Just tasted my first Terfez (Terfezia sps)

Daniel B. Wheeler dwheeler at ipns.com
Thu Mar 21 04:26:00 EST 2002


For most people, the subject of this thread will mean nothing unless
you realize that Terfezia (called Terfaz in Bedoin) are Dessert
Truffles, found in Africa, Japan, the United States, and some parts of
southern Europe, including Spain.

I understand that there are at least 50 different species, many
associated with specific species of Acacia and Cistus.

While I first learned of them in the North American Truffling Society,
I first *heard* of them through a friend who spent several years in
Saudi Arabia. Madeleine Albright was recently given over 50 pounds of
an especially prized species, but didn't know what they were.

Here's a hint: when Pliny the elder was talking about truffles, he
probably meant Terfezia, _not_ Tuber as is often misinterpreted.

I just received a sample of perhaps 8-12 ounces of Terfezia sps. from
Morocco. They were sent 14 days ago, and languished in quarantine
somewhere in the U.S. under the auspices of FedEx, even though I told
the FedEx representative that the material was a biological sample for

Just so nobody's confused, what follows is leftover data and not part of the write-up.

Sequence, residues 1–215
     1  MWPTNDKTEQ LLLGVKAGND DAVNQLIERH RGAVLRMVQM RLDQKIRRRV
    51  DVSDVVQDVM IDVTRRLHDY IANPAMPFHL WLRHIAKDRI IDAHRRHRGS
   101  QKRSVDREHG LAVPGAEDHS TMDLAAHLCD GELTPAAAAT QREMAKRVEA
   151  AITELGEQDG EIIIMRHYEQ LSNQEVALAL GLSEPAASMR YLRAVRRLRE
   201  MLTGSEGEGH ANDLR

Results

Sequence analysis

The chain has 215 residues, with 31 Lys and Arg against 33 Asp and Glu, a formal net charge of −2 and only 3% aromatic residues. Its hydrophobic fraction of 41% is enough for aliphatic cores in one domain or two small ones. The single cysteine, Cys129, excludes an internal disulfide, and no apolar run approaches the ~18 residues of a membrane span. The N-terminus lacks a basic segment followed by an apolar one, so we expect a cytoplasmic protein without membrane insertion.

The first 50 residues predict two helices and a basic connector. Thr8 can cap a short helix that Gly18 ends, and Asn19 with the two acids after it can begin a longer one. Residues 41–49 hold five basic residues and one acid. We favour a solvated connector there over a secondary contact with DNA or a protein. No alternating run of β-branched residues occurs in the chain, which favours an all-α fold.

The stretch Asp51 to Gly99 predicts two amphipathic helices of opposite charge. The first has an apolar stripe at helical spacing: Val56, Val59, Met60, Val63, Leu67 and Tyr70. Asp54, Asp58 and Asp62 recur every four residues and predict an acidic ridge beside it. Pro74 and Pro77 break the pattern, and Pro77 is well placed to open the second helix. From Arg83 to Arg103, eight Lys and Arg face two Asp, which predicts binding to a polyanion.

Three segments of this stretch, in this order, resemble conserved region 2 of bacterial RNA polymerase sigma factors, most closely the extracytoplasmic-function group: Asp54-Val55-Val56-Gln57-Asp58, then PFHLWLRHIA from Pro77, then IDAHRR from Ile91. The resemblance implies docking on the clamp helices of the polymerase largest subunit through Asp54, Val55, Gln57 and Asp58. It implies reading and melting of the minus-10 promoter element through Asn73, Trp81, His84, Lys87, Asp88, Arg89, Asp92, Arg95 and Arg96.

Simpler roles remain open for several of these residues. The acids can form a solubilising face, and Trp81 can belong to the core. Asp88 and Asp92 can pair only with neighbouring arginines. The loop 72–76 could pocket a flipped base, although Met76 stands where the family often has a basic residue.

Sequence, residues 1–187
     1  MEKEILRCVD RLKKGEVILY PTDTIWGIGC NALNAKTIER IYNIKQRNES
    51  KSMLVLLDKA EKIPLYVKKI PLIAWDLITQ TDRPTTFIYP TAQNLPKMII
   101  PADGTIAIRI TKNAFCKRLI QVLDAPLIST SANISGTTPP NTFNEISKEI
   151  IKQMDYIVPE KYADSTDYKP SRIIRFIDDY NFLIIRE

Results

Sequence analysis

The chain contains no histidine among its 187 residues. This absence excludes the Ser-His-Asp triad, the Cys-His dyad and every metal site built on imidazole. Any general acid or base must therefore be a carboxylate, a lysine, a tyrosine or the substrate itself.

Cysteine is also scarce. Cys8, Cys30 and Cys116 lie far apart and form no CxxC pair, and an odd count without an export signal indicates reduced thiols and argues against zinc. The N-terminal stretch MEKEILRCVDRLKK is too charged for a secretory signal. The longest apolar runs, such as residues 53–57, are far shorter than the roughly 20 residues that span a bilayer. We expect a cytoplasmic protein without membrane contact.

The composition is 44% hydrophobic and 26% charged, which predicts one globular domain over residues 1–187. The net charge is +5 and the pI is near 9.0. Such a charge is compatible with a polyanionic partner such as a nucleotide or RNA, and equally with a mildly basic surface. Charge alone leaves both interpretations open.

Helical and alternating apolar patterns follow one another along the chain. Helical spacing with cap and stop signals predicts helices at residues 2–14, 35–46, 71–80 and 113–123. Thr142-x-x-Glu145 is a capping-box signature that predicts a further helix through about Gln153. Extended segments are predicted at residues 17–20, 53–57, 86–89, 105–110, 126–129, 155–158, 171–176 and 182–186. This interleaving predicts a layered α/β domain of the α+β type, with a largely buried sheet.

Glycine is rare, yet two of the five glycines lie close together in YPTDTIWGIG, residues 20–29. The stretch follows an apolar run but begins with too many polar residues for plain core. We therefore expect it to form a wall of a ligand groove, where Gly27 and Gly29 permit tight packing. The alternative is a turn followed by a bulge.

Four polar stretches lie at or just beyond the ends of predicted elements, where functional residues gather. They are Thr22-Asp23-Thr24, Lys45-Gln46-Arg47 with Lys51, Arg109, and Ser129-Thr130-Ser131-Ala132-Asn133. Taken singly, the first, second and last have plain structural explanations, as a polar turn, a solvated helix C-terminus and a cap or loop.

identification, and not for re-sale.

Tonight, I sampled some for the first time. The material was gritty,
and I thought the grit may have been a king of preservative. Also, the
package contained some truffles which had rice grains still attached
to them. Perhaps there was rice in the original package, which might
have required quarantine from outside the US.

The grit was actually just that: fine sand. A few crunchy mouthfuls
later (had them thin-sliced on pepperoni/sausage pizza) I was trying
to identify how to describe the taste: nutty, a little sweet
(surprise!), and rather addictive. The aroma is similar to nuts
(peanuts? cashews? pistachios?), with elements of butter, wine, and a
little garlic. While it may not sound particularly appetizing at
first, it rapidly grew on me.

I'm interested in hearing of any one else's experience with Terfezias.
How were they prepared? Did you like them? What do you remember them
tasting like?

Many people consider only Tubers to be true truffles. In France, it is
illegal to represent anything but Tuber species as truffles. But in
science, truffles are all members of the fungal family Tuberales. That
includes a much wider group of fungi than just Tuber species, and
certainly includes the Terfaz.

My friend, who has since died, told me she had Terfaz roasted in ashes
like potatoes. She indicated some where nearly the size of Idaho
Russet potatoes, but had a taste that, while difficult to describe,
was quite nice and a pleasant change from *typical* Saudi food.

With only one taste, I think I'm an addict.

Daniel B. Wheeler
www.oregonwhitetruffles.com




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